BEHAVIORAL EVIDENCE FOR FRUIT ODOR DISCRIMINATION AND SYMPATRIC HOST RACES OF RHAGOLETIS POMONELLA FLIES IN THE WESTERN UNITED STATES
Article first published online: 10 AUG 2012
© 2012 The Author(s). Evolution© 2012 The Society for the Study of Evolution.
Volume 66, Issue 11, pages 3632–3641, November 2012
How to Cite
Linn Jr., C. E., Yee, W. L., Sim, S. B., Cha, D. H., Powell, T. H. Q., Goughnour, R. B. and Feder, J. L. (2012), BEHAVIORAL EVIDENCE FOR FRUIT ODOR DISCRIMINATION AND SYMPATRIC HOST RACES OF RHAGOLETIS POMONELLA FLIES IN THE WESTERN UNITED STATES. Evolution, 66: 3632–3641. doi: 10.1111/j.1558-5646.2012.01719.x
- Issue published online: 25 OCT 2012
- Article first published online: 10 AUG 2012
- Accepted manuscript online: 25 JUN 2012 08:58AM EST
- Received October 27, 2011 Accepted June 8, 2012
- Apple maggot fly;
- ecological speciation;
- flight tunnel;
- host plant volatiles;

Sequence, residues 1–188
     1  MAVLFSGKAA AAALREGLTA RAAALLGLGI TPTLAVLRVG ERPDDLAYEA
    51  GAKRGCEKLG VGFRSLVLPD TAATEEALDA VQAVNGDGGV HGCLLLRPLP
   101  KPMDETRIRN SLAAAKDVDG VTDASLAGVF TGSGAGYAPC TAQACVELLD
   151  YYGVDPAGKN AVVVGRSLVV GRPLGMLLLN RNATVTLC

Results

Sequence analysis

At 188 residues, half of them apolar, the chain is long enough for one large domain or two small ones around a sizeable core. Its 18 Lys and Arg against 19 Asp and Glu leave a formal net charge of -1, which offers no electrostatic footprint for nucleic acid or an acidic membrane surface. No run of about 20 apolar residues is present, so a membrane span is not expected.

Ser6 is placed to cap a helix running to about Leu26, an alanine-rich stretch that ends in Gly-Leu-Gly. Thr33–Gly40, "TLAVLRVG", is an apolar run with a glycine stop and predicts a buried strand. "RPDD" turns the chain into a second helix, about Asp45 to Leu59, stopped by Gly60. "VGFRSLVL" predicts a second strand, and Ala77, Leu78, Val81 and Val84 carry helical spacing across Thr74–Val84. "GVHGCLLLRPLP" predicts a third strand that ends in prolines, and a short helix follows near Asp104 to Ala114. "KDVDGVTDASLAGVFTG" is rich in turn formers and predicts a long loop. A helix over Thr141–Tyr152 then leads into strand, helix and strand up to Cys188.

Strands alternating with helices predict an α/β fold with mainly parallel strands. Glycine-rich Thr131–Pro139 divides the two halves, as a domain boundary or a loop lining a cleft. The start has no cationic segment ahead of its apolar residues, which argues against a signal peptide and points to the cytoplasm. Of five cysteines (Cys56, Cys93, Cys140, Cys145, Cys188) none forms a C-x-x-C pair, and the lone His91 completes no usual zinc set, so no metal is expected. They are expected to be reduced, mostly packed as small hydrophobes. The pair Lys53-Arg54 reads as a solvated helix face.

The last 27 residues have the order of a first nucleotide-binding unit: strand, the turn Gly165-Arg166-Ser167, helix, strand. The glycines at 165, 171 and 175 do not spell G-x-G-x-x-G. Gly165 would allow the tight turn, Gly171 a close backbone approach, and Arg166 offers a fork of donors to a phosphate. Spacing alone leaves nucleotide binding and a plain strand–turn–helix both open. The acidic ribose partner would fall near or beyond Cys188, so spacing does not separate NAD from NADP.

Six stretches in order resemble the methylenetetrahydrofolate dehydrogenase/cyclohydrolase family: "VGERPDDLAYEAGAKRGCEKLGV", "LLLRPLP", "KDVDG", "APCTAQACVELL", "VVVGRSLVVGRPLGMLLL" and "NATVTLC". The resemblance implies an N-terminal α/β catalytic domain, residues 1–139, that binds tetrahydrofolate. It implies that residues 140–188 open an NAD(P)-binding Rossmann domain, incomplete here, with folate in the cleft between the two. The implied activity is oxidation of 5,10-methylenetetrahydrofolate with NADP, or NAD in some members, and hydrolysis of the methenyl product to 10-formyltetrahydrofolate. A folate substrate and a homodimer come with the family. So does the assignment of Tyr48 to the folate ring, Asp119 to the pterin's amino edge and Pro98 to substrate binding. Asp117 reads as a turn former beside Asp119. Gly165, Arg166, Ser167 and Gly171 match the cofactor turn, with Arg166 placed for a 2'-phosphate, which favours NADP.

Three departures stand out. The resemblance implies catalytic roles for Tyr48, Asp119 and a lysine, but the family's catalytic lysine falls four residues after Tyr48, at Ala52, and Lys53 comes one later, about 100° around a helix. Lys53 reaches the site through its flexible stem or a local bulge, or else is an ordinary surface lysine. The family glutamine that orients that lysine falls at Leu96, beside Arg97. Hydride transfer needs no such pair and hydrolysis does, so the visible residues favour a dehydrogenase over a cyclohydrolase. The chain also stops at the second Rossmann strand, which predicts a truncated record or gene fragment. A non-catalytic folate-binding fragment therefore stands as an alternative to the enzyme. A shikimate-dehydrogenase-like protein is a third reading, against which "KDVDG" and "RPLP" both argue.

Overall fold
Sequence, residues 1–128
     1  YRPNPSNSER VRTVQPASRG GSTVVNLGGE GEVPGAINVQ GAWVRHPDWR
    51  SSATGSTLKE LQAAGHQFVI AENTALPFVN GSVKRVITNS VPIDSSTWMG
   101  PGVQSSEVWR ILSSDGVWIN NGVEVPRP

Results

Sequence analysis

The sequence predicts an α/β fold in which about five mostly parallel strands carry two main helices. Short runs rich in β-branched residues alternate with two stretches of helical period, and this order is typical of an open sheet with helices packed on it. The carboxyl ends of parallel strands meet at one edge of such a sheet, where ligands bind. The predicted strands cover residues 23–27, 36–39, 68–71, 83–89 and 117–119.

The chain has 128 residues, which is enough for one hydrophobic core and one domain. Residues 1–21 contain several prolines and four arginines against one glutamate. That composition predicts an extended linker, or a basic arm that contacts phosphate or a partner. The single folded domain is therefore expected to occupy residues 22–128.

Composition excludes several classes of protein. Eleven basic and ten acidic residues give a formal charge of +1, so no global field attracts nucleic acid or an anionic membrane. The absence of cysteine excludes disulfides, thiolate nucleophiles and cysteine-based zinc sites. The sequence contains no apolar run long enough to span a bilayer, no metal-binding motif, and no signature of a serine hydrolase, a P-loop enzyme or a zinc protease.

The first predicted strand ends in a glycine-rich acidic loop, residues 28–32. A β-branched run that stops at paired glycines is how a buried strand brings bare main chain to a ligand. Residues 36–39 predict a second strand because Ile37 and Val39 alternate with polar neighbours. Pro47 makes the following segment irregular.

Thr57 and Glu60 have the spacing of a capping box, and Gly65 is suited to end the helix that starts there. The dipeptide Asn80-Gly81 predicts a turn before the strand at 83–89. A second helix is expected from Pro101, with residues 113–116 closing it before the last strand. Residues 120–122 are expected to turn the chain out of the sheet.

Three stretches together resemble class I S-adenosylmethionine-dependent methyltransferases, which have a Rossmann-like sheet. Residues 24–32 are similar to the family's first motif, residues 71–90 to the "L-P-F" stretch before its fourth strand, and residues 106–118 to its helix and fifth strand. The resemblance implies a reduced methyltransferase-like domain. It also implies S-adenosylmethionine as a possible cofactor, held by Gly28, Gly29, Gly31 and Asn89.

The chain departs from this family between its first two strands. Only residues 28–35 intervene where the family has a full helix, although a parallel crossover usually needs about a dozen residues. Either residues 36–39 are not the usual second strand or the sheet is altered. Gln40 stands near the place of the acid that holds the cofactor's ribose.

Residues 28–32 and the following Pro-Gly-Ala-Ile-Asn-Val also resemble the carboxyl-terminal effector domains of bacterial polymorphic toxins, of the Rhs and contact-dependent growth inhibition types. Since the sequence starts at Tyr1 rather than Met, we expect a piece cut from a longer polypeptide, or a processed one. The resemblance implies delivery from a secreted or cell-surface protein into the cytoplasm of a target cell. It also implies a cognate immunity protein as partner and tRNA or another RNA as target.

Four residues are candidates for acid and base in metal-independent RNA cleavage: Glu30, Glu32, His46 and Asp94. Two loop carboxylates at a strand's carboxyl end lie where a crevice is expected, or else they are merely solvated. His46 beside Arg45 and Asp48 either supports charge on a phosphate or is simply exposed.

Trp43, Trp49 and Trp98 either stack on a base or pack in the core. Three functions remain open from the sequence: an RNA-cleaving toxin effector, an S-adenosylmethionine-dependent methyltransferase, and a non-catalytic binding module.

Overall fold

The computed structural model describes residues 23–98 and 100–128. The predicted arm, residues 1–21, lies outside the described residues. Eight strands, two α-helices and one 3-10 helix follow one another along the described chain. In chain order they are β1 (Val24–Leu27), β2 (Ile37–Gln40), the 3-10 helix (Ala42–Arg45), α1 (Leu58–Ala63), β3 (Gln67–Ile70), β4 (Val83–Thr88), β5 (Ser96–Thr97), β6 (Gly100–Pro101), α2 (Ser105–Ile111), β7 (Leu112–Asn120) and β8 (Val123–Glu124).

The recent shift of Rhagoletis pomonella (Diptera: Tephritidae) from its native host downy hawthorn, Crataegus mollis, to introduced domesticated apple, Malus domestica, in the eastern United States is a model for sympatric host race formation. However, the fly is also present in the western United States, where it may have been introduced via infested apples within the last 60 years. In addition to apple, R. pomonella also infests two hawthorns in the West, one the native black hawthorn, C. douglasii, and the other the introduced English ornamental hawthorn, C. monogyna. Here, we test for behavioral evidence of host races in the western United States. through flight tunnel assays of western R. pomonella flies to host fruit volatile blends. We report that western apple, black hawthorn, and ornamental hawthorn flies showed significantly increased levels of upwind-directed flight to their respective natal compared to nonnatal fruit volatile blends, consistent with host race status. We discuss the implications of the behavioral results for the origin(s) of western R. pomonella, including the possibility that western apple flies were not introduced, but may represent a recent shift from local hawthorn fly populations.